ORLANDO, FLA. — After President Obama earlier this week supported the mass firing of 93 teachers and other staff at the troubled Central Falls High School in Rhode Island, the AFL-CIO executive council, already meeting in Orlando, fired off an unusually harsh resolution.
Labor leaders said they were “appalled” by the “unacceptable” and “disappointing” presidential statements, especially since the local superintendent fired the teachers rather than negotiate over how to continue the recent academic improvement at the working-class community’s school.
It was a mini-PATCO moment – echoing faintly President Reagan’s decision to fire striking air traffic controllers — in the increasingly frayed relations between organized labor and a president who has at times seemed distant from the labor movement, yet at other times seemed more pro-union than any president in many decades.
AFL-CIO president Richard Trumka said Obama’s comment was “a bad call” based on “wrong facts,” but that it happened at all caused him “concern, deep concern.”
Union reaction to the administration is increasingly ambivalent. Partly it reflects frustration – mainly in not getting adequate legislation passed to deal with the multiple crises of working Americans (jobs, incomes, health care, worker rights and more).
But that unease is tempered by satisfaction – mainly in administrative actions.
This complex relationship was on display with two speeches to the executive council – both somewhat defensive, if not apologetic. Vice-president Joe Biden was received lukewarmly with pointed questions about broad administration policy afterwards. Labor Secretary Hilda Solis received a much more enthusiastic reception, partly as a result of her efforts to enforce existing laws better and to develop more pro-worker regulations (such as on occupational safety and health).
Labor leaders know their frustration primarily stems from Republican obstruction, right-wing demagoguery, and the anti-democratic rules of the Senate. (Asked if the theoretically bipartisan labor movement would endorse any Republicans this year, Trumka said, “We’re hoping. None come to mind at this point.”)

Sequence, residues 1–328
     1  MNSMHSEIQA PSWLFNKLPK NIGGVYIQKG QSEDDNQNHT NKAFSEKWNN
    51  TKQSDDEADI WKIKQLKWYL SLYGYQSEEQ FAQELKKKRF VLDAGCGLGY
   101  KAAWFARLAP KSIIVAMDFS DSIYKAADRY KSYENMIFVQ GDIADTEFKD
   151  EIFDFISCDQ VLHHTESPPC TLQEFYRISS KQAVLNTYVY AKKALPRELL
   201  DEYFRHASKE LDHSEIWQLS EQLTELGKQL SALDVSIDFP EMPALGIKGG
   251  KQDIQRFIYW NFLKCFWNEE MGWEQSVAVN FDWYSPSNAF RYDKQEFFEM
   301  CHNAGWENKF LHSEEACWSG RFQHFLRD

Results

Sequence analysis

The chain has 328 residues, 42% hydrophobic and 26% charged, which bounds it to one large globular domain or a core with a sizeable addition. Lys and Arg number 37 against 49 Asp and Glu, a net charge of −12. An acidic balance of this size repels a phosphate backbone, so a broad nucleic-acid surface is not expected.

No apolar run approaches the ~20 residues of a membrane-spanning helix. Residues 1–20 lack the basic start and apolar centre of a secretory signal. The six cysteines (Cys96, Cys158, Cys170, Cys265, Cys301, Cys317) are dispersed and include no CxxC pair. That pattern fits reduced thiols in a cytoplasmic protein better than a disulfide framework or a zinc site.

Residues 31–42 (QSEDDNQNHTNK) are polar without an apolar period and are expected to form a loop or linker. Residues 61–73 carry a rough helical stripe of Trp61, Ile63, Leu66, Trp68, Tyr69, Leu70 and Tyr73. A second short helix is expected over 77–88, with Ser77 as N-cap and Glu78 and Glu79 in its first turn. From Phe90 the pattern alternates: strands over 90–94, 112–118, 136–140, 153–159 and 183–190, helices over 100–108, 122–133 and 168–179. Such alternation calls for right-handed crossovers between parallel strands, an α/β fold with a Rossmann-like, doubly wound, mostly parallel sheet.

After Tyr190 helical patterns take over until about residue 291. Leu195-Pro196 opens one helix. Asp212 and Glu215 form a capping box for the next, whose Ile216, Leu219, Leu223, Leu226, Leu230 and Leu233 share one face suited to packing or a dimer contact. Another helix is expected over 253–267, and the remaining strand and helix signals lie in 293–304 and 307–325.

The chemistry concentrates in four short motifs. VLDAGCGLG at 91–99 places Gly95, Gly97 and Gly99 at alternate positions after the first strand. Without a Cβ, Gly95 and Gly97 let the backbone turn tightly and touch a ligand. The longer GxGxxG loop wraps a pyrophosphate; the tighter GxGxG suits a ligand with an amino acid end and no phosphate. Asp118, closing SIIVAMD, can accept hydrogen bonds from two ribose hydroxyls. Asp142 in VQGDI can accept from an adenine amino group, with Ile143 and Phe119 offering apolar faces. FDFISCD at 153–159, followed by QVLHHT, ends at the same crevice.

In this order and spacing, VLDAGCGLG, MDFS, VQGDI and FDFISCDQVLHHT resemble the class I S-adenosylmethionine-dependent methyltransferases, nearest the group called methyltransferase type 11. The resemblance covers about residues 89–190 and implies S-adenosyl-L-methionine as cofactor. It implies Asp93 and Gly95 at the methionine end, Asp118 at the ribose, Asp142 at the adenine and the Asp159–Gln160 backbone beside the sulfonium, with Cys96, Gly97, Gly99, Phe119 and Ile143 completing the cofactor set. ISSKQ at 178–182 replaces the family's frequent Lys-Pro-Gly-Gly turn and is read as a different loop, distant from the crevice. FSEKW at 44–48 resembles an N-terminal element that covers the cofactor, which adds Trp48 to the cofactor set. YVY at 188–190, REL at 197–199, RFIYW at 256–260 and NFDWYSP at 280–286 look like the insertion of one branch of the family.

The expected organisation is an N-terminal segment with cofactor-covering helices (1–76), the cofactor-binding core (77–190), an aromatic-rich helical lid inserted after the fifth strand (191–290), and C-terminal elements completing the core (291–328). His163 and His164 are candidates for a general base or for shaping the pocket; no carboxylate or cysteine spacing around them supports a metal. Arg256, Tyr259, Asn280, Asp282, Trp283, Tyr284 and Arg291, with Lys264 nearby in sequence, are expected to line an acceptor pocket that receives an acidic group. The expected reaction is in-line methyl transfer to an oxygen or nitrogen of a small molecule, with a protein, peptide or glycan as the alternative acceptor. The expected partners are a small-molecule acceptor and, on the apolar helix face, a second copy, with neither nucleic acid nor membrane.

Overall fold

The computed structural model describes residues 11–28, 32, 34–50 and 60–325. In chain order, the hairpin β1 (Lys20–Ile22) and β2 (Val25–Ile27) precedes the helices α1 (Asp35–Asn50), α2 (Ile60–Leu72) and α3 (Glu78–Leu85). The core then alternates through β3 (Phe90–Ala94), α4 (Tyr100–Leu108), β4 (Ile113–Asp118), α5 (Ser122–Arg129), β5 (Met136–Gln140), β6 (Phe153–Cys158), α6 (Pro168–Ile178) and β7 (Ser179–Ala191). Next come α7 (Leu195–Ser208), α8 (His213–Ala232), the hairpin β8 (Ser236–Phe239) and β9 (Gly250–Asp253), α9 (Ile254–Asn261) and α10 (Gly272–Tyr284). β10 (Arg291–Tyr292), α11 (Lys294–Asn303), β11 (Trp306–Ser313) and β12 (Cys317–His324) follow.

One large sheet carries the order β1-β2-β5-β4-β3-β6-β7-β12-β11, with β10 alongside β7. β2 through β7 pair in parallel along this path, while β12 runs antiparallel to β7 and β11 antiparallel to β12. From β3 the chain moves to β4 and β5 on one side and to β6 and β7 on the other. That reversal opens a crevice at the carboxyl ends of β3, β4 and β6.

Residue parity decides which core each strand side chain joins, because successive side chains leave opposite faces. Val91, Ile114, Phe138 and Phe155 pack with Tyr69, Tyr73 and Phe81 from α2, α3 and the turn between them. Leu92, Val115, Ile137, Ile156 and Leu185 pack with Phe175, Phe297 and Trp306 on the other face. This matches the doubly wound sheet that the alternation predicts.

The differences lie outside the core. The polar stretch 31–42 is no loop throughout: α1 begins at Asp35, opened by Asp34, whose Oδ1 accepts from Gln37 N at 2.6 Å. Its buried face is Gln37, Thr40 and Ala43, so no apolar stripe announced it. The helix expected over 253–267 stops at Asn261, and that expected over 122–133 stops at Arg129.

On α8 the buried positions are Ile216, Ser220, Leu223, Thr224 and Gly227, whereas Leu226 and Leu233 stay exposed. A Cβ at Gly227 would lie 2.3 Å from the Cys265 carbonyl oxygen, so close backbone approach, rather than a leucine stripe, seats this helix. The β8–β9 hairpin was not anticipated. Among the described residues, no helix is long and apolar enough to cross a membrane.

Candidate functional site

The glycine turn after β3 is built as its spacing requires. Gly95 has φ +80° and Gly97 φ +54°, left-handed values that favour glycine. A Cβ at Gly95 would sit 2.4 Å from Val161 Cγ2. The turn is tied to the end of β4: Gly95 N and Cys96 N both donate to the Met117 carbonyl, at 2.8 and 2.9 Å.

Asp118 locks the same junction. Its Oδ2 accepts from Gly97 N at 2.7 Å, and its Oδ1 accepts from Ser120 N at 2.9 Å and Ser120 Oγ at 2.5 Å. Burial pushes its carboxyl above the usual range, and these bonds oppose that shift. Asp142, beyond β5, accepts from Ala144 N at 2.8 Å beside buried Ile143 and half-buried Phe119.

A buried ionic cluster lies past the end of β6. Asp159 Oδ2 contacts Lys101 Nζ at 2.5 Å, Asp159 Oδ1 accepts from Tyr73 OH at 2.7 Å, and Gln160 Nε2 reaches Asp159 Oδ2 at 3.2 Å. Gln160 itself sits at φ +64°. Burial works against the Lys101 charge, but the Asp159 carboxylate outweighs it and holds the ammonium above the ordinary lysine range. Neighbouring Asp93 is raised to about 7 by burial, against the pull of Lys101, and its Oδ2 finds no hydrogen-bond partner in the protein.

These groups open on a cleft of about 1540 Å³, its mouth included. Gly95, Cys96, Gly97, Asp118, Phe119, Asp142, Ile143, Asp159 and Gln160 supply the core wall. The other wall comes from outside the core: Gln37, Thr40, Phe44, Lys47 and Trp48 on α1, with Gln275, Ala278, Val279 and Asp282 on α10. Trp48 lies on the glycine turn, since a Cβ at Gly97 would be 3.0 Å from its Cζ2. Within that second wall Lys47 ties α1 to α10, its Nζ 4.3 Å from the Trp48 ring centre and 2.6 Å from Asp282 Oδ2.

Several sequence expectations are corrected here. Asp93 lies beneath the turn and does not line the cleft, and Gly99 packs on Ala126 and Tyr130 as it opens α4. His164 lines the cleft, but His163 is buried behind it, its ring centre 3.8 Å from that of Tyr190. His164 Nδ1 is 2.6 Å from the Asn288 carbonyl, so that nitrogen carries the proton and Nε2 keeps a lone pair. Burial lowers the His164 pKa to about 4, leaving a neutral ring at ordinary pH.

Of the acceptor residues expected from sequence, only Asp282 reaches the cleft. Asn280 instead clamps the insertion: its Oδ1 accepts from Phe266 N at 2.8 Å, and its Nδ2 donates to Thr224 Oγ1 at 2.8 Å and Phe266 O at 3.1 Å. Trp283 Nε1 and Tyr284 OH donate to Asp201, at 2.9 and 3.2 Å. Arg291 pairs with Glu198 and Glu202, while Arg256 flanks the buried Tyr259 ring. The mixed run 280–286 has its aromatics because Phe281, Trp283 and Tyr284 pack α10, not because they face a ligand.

But the unreliability of a significant bloc of conservative Democrats slowed or stopped progress even when the Democrats could claim the magic number – 60 – in the Senate. In a plan first hatched by a group of big unions from the AFL-CIO and Change to Win several weeks ago, organized labor – from the state federation to the AFL-CIO threw its support behind Arkansas Lt. Gov. Bill Halter in a primary challenge against Sen. Blanche Lincoln, a Democratic nemesis of unions. Communications Workers, Service Employees (SEIU), AFSCME (public workers), and the Steelworkers each pledged $1 million for his campaign.
Lincoln, known as the Senator from Wal-Mart, rejected labor law reform, opposed the public option in health care reform, and refused to vote for cloture on the appointment of labor lawyer Craig Becker to the National Labor Relations Board. Halter is no labor tribune: he says he doesn’t support the original labor law reform involving majority sign-up, but leans to a compromise that would hold NLRB representation elections more quickly.
But “maybe something like this will send a message” to other Democrats, says AFSCME president Gerald McEntee. “I think it does represent a new strategy. We’re going to take into consideration records on issues facing the people. There’s always the danger [of losing a Democratic seat] – we do want to support Democrats – but when people are as recalcitrant as this, you have to do something or you’re not a labor movement.”